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Small class for citizen police academy

Many questions answered during educational experience

Posted: December 25, 2011 - 12:16am
Police officers Chris Gifford and Lt. Kris Sell outfit George Danner into riot gear as his wife Assemblywoman Ruth Danner looks on, Wednesday, at the Citizens' Academy at Juneau Police Department headquarters.  Emily Russo Miller / Juneau Empire
Emily Russo Miller / Juneau Empire
Police officers Chris Gifford and Lt. Kris Sell outfit George Danner into riot gear as his wife Assemblywoman Ruth Danner looks on, Wednesday, at the Citizens' Academy at Juneau Police Department headquarters.

Usually it’s the kids who attend mock Juneau Police Department academies in Juneau, but this week it was the grown-ups who had the chance to join in on the fun.

The public was provided an opportunity Wednesday evening to get a glimpse of what goes on behind the often closed doors of their local police station.

Only four people turned out for the event — an assemblywoman and her husband, a semi-retired physician and a reverend. But having a small audience had its advantages, as each person received an incredible amount of attention by having all their questions answered, toured the building and met with the police chief and police officers one-on-one.

“I know that I’ll learn something new,” said Assemblywoman Ruth Danner when asked why she attended.

The educational visit to JPD headquarters was part of the City and Borough of Juneau’s Citizens’ Academy series that aims to provide information on how local government is organized, how services are funded and delivered and how all the separate arms of government work together to serve Juneau.

The Juneau Citizens’ Academy has met once a month since October to tour different CBJ facilities like the finance department, the library and the fire station. This month, it was all about local law enforcement.

Police Chief Greg Browning and Lt. Kris Sell, who has been on the force for 14 years, began the session with a powerpoint presentation on what services the department provides and organizational structure. The presentation covered how the department was affected by budget cuts, crime prevention tips, and local crime trends.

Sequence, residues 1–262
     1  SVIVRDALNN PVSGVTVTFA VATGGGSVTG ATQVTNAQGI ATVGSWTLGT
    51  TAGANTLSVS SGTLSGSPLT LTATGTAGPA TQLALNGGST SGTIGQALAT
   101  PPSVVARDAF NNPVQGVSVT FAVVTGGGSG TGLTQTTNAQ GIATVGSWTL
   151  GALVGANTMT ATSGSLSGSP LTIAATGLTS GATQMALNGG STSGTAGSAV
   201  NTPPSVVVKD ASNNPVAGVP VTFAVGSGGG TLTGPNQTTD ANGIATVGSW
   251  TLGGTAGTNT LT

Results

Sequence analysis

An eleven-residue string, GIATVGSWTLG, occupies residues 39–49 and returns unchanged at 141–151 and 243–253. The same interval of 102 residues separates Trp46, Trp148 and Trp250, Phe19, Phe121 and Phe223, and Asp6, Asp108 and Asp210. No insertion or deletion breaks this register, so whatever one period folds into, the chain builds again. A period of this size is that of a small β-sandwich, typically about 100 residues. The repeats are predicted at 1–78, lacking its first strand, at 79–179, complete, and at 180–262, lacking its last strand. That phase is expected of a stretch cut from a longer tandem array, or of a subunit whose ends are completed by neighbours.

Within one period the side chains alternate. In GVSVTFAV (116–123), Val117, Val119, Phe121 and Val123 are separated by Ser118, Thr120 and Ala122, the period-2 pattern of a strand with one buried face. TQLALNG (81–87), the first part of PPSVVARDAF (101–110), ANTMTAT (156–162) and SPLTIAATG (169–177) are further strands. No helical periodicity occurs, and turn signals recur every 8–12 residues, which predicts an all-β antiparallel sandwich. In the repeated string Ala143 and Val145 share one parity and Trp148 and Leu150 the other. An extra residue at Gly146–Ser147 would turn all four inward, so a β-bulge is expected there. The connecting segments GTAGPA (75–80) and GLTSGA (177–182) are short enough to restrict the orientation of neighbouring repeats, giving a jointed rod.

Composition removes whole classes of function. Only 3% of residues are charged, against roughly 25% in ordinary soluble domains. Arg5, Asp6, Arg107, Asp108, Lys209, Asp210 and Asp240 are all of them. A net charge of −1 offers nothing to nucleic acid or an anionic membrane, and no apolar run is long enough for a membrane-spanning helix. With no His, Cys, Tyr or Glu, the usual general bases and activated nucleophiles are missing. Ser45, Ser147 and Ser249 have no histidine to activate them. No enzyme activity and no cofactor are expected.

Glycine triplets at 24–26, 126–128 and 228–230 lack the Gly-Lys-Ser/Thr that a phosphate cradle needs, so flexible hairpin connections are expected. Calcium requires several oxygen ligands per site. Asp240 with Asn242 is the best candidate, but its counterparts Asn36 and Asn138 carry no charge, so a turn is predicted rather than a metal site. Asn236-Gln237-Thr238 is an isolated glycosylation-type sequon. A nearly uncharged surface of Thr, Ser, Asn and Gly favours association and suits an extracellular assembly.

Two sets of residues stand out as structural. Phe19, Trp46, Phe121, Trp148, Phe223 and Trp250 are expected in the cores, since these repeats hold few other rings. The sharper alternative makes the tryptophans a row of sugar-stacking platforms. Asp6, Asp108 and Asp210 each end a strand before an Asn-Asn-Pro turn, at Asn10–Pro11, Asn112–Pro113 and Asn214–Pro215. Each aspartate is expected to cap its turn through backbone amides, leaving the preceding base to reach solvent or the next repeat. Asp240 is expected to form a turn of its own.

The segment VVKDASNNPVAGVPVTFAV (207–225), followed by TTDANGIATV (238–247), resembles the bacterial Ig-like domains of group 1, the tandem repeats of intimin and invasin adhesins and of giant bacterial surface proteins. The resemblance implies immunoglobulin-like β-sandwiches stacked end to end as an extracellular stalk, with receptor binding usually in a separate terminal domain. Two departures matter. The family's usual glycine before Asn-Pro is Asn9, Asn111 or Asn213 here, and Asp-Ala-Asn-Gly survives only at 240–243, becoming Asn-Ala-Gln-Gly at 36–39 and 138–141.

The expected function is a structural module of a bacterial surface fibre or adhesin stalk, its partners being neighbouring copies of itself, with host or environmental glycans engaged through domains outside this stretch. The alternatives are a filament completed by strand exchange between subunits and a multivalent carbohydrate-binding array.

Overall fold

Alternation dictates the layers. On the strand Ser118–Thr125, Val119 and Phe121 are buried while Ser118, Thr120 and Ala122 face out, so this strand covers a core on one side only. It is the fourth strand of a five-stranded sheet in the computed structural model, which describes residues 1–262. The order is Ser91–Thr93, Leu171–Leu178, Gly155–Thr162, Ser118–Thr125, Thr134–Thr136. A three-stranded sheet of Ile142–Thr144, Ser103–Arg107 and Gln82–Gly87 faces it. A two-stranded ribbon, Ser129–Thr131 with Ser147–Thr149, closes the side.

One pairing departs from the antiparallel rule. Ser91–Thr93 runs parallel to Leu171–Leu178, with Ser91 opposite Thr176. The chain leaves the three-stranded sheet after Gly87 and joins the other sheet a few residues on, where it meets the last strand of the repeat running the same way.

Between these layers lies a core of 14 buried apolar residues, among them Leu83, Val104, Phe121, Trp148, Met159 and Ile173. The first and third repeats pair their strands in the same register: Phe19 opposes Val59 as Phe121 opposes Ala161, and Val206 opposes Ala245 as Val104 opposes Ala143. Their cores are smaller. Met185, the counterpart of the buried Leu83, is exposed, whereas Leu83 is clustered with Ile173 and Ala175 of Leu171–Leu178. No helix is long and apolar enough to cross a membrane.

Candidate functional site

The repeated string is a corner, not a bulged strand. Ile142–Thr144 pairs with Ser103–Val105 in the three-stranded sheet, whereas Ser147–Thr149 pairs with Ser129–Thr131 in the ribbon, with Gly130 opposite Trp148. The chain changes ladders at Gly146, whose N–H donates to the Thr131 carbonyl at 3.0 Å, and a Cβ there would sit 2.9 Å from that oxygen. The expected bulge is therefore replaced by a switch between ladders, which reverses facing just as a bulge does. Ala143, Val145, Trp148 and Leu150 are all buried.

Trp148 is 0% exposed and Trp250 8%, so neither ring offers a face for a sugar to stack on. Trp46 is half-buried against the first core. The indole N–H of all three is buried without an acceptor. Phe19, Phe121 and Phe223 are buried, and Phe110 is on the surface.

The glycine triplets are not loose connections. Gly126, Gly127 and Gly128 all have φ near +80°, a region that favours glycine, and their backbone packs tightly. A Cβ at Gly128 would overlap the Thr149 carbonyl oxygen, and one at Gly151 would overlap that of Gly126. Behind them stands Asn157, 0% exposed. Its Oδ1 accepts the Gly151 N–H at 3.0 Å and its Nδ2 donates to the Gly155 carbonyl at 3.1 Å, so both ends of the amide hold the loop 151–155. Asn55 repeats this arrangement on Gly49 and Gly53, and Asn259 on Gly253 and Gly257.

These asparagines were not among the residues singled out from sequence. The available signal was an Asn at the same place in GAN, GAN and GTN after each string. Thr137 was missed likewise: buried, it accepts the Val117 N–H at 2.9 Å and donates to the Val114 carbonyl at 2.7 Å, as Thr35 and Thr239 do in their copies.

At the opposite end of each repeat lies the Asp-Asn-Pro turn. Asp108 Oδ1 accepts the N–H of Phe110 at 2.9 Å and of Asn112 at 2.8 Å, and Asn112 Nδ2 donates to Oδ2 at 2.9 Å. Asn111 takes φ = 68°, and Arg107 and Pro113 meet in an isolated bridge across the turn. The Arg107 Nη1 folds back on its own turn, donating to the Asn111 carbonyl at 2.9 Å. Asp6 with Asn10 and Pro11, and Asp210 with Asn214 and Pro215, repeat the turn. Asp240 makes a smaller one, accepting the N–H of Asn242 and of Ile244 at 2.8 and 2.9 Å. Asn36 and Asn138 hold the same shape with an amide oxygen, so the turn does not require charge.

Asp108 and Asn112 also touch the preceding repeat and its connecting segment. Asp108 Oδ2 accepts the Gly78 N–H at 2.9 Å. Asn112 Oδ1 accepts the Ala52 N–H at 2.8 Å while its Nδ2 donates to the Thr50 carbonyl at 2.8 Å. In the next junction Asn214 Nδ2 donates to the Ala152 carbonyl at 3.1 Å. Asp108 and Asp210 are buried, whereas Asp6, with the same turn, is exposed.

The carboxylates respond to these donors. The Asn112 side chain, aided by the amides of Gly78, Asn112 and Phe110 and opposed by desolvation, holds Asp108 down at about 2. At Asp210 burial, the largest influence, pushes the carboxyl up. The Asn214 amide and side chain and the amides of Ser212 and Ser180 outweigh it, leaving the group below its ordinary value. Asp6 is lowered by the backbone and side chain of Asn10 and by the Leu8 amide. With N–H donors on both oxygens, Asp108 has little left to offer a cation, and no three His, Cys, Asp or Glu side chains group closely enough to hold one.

Then, Officer Chris Gifford and Sgt. Scott Erickson showed off the SWAT team’s gear, like tear gas canister guns, protective helmets and shields and bulletproof vests. The group then checked out some of the patrol cars, toured the mobile incident command post and met one of the few persons qualified to drive it, JPD community service officer Bob Dilley.

“I just expected them to be talking and just giving us a dry speech, and it was just fascinating,” Rev. Jonathan Winchester said afterwards. “I was blown away by the — I never expected them to do what they did, to take us through and show us everything.”

It was Winchester’s first time meeting with the police chief in his 10 years in Juneau, and his first time in the building. Before the retired Jesuit missionary was ordained into the priesthood in 1986, he was enrolled in a criminal justice doctoral program in Southern California that worked with prisoners, and sought to find more promising alternatives to incarceration. Then, he met Crow medicine men from Montana and began working on four different reservations with tribal police and alcohol and drug abuse offenders. He has toured at least 100 police departments across the country over the years in his work.

“I never lost my connection with law enforcement,” he said, noting he was extremely impressed with JPD after the event.

Winchester added, “For being a small town, they have an extremely progressive and modern police department. This town can be very proud of its police department.”

Dr. Carolyn Brown said she wanted to visit JPD to participate in government, and to show her appreciation for all that the police department does.

“I came here tonight because I really, really appreciate the immense work you all do,” she told the chief.

George Danner joked that “My wife told me I was going.” But in all seriousness, he added that he was “just curious” and wanted to learn more about city business.

Browning said he was glad CBJ offered hosted the Citizens’ Academy, especially because the department no longer offers an adult academy to learn about JPD. It used to offer a nine-week long course once a year for a number of years, he said.

“After a while it got to the point where we just couldn’t get enough people to sign up for those to make it worthwhile, so we went to a Junior Police Academy that has been extremely popular,” Browning said.

The Junior Police Academy is held over the summer for middle-school aged children. It was first developed in 2009.

The next installment of the CBJ Citizens’ Academy that is open to the public will be held Jan. 19 at the Assembly chambers for the finance department. For more information, visit juneau.org or call 586-­5240.

• Contact reporter Emily Russo Miller at 523-2263 or at emily.miller@juneauempire.com.

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